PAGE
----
Lorelei smiled as Mrs. Emery came out of the house, with Arabella walking beside her, holding her hand. She looked up at Lorelei, who bent down and lifted her in the air, making her laugh cheerfully.
“Mama! Papa!” she said. “I rode on the rocky-horse for so long!”
“She did indeed,” Mrs. Emery commented, as Lorelei lifted her daughter and whirled her around, delighting in the sound of her cheerful giggling. “She was in the drawing-room for about half an hour, the playful creature.”
Lorelei laughed and put her daughter down on the ground, her heart full of love as she watched the little child walk hesitantly over to Rufus and lift her hand up to grip onto his index-finger with a proprietary air. Rufus smiled down at her lovingly and bent down to put an arm around her and lift her up.
Lorelei looked over at them. Her daughter’s silky hair was brown, the same color as her own, and her eyes were two deep pools just slightly more black in tone than that of her father’s eyes. She stared over at her mother contentedly, then lifted her hand to better grip her father’s shirt and started to drowse.
“She’s going to sleep,” Lorelei whispered in Rufus’s ear as he walked slowly back to the house. Mrs. Emery had gone over to help take the washing off the line, and the two of them were walking back to Rennford Manor slowly, arm-in-arm.
“I know. I’ll take her up and put her to bed,” Rufus whispered back. “And then maybe we can sit in the parlor for a while? It’s nice and warm there, with the windows shut and the sunshine pouring in.” He shivered a little in his shirt sleeves as a cool breeze blew across the gardens.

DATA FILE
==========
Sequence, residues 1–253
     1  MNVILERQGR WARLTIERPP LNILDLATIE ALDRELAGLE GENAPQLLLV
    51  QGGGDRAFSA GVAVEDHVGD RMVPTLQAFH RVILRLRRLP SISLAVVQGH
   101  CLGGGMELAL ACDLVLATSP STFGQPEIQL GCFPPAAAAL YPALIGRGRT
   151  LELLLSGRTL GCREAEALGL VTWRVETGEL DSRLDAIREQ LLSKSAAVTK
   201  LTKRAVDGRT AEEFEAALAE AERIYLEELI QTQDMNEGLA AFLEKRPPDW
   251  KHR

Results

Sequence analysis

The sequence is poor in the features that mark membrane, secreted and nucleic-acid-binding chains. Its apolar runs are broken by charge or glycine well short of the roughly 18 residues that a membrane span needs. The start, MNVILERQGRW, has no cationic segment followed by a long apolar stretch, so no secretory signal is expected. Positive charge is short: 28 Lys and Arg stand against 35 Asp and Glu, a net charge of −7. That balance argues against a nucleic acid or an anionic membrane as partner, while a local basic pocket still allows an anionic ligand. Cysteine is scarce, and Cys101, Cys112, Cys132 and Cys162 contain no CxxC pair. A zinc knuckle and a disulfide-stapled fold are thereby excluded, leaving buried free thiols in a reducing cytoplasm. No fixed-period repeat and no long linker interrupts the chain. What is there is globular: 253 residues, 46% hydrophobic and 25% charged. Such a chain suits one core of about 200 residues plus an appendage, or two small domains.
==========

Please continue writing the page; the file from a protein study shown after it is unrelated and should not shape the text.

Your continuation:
“That sounds lovely,” Lorelei agreed. She slipped her arm into Rufus’s own and together they walked into the house. She followed him upstairs, where he gently set the almost-asleep Arabella down on her bed in her bedchamber, and then headed silently down the steps to the parlor together.
As she rested her head on Rufus’s shoulder and felt his arms wrap warmly around her, she knew that she had never been so happy. She was loved, she was surrounded by her loved ones, and the village was at peace again, no longer divided by their loyalties to the two earldoms.
She heard the soft sounds of Arabella, awake now and talking excitedly to Lettie, who’d come in to check on her, and the love she felt for the child rushed through her heart with an intensity that was almost too much to bear.
“I’m so happy, Rufus,” she murmured sleepily into his ear.
“Good,” Rufus said, turning to kiss her cheek fondly. “I am the happiest person alive, I’m quite sure of it.”
“Not quite,” she chuckled as he held her in his arms, drawing her closer to him so that her head rested on his shoulder and her back was pressed to his torso. “I’m sure I am the happiest.”
“Happier than me?” he chuckled, kissing her ear. “I don’t know about that.”
“I do,” she said, twisting around so that she could kiss him on the lips.
“I shall not argue, then,” he said with a smile.
They both laughed and she settled down to rest in his arms, the warm sunlight soaking down and filling the place with delicious heat, she knew she was the most contented that she could ever have imagined. She had Rufus, and her two children – Rufus William and Arabella Emilia – and she was the happiest person alive.
Or the second-happiest, if she was to allow for Rufus to be right.
She smiled at him and kissed his cheek and they both laughed, the sound of their laughter as comfortable and soothing as the warmth in the room.
Ah, before you go...